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EPA gives glider builders a hall pass

Canned EPA Administrator Scott Pruitt on Friday got in a parting shot at Obama-era “regulatory overreach” in his last day in office, ordering the agency not to enforce an annual cap on glider kits.

“The Agency is exercising its enforcement discretion in 2018 and 2019,” Molly Block, an agency spokeswoman, said in a statement reported originally by The New York Times.

Gliders, or new chassis into which refurbished older engines without modern emissions control systems can be installed, were deemed to be a substantial loophole in the decade-long EPA effort to greatly reduce emissions from heavy-duty commercial vehicles.

Indeed, given the expense and troublesome nature of the mandated emissions controls, production of gliders has soared since 2010, going from going from just a few hundred per year to more than 10,000 in 2015.

So, in the Phase 2 Greenhouse Gas Emissions and Fuel Efficiency Standards for Medium- and Heavy-Duty Engines and Vehicles (GHG 2) rule that took effect Jan. 1, 2017, EPA required that engines installed in new glider vehicles meet the emission standards applicable in the year of assembly. A “small business” exception was included in GHG2 to allow glider builders to assemble up to 300 non-compliant units per year through 2020.

But last fall, following a lobbying effort and appeal by leading glider builder Fitzgerald Glider Kits, Pruitt determined that that gliders should not be regulated as “new motor vehicles” under the Clean Air Act.

“Gliders not only provide a more affordable option for smaller owners and operators, but also serve as a key economic driver to numerous rural communities,” Pruitt said, and EPA proposed to repeal the emission standards and other requirements for glider vehicles.

A subsequent public hearing on the matter, however, drew dozens of angry opponents compared to just a couple of supporters.

“It’s well-known that gliders are purchased to save money, avoid maintenance costs … and skirt federal excise tax payments,” said Glen Kedzie, American Trucking Associations vice president of energy and environmental affairs council. He noted that ATA member fleets have paid $31,000 more on average per new truck since 2004 to comply with new emissions rules.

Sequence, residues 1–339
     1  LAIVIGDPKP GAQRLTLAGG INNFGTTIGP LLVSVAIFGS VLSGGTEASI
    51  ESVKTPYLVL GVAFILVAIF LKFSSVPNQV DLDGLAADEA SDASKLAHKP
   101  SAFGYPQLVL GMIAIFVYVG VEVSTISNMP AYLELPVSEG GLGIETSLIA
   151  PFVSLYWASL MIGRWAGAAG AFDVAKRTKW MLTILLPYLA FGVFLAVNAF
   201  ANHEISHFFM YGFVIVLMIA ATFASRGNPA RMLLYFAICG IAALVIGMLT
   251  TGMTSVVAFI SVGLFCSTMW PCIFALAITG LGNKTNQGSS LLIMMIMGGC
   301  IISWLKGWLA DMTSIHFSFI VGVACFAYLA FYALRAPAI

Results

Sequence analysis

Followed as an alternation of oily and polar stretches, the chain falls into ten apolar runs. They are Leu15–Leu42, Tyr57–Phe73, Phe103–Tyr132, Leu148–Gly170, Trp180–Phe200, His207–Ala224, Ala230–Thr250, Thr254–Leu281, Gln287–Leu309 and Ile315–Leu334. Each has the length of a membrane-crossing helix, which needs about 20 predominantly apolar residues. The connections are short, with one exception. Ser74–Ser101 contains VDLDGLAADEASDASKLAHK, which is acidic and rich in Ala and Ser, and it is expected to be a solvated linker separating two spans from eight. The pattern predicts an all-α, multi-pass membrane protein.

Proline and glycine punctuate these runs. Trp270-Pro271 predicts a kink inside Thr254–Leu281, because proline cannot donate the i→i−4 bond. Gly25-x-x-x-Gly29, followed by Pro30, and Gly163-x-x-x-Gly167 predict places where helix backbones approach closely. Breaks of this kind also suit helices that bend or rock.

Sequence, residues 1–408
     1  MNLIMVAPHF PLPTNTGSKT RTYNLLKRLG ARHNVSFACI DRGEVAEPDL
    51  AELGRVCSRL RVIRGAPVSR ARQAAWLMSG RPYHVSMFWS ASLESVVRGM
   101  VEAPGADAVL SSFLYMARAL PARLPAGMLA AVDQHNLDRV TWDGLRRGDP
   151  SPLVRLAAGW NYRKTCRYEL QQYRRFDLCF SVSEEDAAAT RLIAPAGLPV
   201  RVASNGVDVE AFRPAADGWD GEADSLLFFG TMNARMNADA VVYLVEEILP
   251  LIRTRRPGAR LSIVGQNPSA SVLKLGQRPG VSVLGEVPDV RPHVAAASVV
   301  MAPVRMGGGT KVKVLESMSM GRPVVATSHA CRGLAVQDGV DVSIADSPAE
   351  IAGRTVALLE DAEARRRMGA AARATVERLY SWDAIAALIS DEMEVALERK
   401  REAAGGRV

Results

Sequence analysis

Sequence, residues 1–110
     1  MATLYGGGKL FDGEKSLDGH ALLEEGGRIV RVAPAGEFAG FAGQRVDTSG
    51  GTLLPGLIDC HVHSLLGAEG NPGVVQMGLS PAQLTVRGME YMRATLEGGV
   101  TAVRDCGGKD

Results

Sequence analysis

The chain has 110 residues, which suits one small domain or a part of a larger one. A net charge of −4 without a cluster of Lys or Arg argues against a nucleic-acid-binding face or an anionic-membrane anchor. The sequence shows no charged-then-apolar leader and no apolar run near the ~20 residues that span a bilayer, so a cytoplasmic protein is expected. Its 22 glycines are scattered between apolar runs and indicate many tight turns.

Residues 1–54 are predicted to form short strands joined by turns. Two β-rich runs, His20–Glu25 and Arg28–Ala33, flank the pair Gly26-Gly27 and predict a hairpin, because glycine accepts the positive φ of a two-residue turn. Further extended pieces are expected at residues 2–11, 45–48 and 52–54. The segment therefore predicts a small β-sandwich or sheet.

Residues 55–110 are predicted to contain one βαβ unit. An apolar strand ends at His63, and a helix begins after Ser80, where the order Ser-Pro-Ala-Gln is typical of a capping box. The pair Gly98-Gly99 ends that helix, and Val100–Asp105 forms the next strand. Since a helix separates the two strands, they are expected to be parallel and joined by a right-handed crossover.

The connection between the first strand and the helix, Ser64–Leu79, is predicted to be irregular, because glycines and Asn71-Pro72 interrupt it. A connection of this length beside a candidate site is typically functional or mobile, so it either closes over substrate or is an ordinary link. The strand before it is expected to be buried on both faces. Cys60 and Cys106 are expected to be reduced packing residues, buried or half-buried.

And Susan Alt, senior vice president of public affairs, Volvo Group North America, cited EPA’s own testing which found that glider vehicles emit 43 times more NOx and 55 times more soot than today’s low-emission diesels. EPA estimates that gliders make up about 5% of the entire Class 8 market, but contribute about one-third of all NOx and particulates from the sector.

“The current annual impact of glider emissions already grossly outweighs that of the VW diesel engine violations in the U.S. at their peak,” Alt said. “A repeal of the Phase 2 glider provisions makes a mockery of the massive investments we’ve made to develop low-emission compliant technology.”

Rep. Jamie Raskin of Maryland said he was “baffled and confounded” as to why EPA would consider a repeal. He noted that Fitzgerald had failed to secure legislative relief, so the company’s owners then met directly with Pruitt.

According to Raskin, Fitzgerald’s petition included new information on glider vehicle emissions which purported to show that gliders were less polluting than non-glider vehicles. But that “independent” study was bought and paid for by none other than Fitzgerald.

“It is important to note that the study, run by Tennessee Tech University, has been criticized by experts for its poor and shoddy quality and has provoked serious ethical questions about the university’s academic independence and its cozy relationship with Fitzgerald,” he said.

On the other side, glider builder and trucker Farrell “Dale” Clark Jr., president of D & B Trucks, said he fully supported the proposal, and he referenced the Fitzgerald-funded study. Clark stressed that the only new parts in a glider kit are the cab and the hood; the remaining parts of the truck are all used parts.

He also noted an environmental benefit to the pro-glider case: “We really should be thanking our glider builders. We should be encouraging every trucker in this country to use a glider, or should I say a ‘recycled truck,’” Clark said. “This is exactly what we do in our business. We recycle old trucks, not only do we create hundreds of jobs, we save our trucking industry thousands of dollars.”

Tennessee Tech later informed EPA that the agency should not use the university's study on glider kits in developing federal emissions regulations, and that the school was pursuing a peer review of the report and investigating claims of research misconduct.

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